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How are networks categorized?

Categorization of the networks is largely dependent on their 3 major properties which are:
– Topology
– Protocol and
– Architecture

1. Categorization based up on Topology:

Topology gives the specification regarding the geometrical arrangement up on which the network is based. A number of topologies have been defined as discussed below:
– Point – to – point: Such networks establish the simplest permanent link between any two points. For e.g., switched point – to – point topology used in telephony that appears to users as a point – to – point communication channel. Technologies such as packet switching and circuit switching allow such networks to be created and destroyed whenever required. This is the true representation of the basic telephony mode.

– Bus: In this type every node has got a connection to common cable via a bus cable connection. The source transmits the data that travels through all the connected systems until received by the desired recipient. If no match is found the data is simply neglected by the system.

– Star: The main hub is connected to each system on the network via a point – to – point connection. Thus every node is connected to the central hub.

– Ring: Connections are done in a circular fashion and the data follows one direction and each device doubles up as a repeater.

– Mesh: This topology is more like a mesh and has two types namely fully connected and partially connected.

– Tree: Star and bus topology when combined result in this topology. Cable TV technology is a good example.

– Hybrid: Combination of other topologies in such a way that the resulting topology is not a standard one.
– Daisy chain

2. Categorization based up on protocol:

– The rules and signals used for communication in a network are specified by a protocol.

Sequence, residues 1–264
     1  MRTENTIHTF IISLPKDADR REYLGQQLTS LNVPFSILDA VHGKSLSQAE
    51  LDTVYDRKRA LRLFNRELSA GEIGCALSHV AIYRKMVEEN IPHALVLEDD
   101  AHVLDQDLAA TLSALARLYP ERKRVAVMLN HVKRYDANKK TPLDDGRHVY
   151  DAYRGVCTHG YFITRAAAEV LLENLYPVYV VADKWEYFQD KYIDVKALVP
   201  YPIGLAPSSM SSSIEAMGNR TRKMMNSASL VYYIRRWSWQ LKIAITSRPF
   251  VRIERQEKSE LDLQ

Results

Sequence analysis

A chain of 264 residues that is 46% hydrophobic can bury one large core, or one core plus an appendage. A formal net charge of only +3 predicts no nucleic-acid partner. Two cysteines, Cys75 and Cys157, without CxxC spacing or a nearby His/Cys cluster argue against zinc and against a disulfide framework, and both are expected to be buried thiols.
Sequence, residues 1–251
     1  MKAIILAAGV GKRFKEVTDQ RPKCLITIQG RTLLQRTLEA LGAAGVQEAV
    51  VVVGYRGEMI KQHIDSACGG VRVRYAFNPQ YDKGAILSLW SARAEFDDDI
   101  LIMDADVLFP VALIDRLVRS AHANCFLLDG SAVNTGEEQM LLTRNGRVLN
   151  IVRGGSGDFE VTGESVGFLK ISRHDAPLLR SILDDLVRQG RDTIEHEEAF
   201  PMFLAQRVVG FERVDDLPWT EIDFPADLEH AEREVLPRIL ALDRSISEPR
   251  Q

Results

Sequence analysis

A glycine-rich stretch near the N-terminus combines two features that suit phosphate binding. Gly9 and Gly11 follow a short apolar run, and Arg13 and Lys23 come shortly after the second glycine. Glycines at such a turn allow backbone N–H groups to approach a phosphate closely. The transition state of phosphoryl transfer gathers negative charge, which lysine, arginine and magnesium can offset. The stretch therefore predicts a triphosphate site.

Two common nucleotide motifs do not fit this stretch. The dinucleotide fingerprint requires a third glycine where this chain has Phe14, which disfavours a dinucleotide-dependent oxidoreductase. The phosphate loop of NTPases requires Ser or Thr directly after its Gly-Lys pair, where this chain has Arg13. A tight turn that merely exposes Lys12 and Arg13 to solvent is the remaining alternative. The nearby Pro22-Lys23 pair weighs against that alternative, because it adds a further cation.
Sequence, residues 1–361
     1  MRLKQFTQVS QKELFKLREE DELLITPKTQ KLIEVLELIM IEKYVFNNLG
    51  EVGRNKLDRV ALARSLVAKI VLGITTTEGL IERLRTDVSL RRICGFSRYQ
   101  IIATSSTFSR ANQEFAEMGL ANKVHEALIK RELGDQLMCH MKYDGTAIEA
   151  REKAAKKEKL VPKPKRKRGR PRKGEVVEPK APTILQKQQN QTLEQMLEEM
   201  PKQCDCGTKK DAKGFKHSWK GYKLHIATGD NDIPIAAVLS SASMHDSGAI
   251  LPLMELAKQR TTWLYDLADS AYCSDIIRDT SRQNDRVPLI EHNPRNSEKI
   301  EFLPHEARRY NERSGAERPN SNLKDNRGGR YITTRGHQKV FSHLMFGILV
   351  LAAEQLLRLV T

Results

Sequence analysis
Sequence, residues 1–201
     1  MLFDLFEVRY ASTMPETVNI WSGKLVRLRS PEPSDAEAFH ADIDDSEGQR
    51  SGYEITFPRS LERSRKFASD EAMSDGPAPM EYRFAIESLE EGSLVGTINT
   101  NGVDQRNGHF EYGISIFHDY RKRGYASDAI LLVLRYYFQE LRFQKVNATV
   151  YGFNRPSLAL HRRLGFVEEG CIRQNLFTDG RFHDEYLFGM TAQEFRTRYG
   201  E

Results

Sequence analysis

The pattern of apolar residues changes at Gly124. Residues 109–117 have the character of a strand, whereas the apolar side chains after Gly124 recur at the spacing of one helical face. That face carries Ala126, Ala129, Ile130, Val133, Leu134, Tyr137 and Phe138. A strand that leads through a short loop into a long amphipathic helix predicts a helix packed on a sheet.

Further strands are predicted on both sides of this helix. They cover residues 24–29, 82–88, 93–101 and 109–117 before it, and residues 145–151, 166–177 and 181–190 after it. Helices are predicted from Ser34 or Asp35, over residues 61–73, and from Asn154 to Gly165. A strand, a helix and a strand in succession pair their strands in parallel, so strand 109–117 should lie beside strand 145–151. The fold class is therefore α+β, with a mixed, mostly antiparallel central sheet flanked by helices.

– Most of the networks such as local area network (LAN) use the Ethernet in office and home networking.
– This protocol uses several signaling and wiring variants operating on OSI physical layers.
– It works by dividing the data stream in to small units (usually called frames) through systems that support Ethernet technology.
– These frames have 3 main components namely the source address, the destination address and the error checking data.
– The error checking enables the correction of the data that is transmitted.
– The range of the Ethernet lies up to the data link layer and including it.
– Another such network is the token ring protocol developed by IBM.

3. Categorization based up on architecture:

– Networks are classified in to 2 types based on this category namely the client/ server network and peer – to – peer network.
– In the former kind, an NT domain controller is deployed to which all the computers are logged on.
– This server is capable of providing various services including internet, file sharing, e – mail, printer access and so on.
– This network supports the decision making process quite well and this is one of the major reasons why it is now being adopted by most of the organizations.
– It holds well for bridging the gap between the user expectations and information systems.
– The latter kind does not involve any server rather the systems on network are simply connected to each other in a group and files are shared.
– It is usually deployed in home networks and holds practical for a dozen or lesser number of systems.
– Every system on the network has the same compatible program installed in them that facilitate the access and sharing of files that are present in the same network.
– They are suitable for transmitting any media that is in digital formal such as audio and video.
– The architecture is in a distributed fashion so that the workload divides evenly between all the peers.
– In such networks all peers possess equal privileges.
– These networks are usually set up in corporations and organizations where security is very much required.

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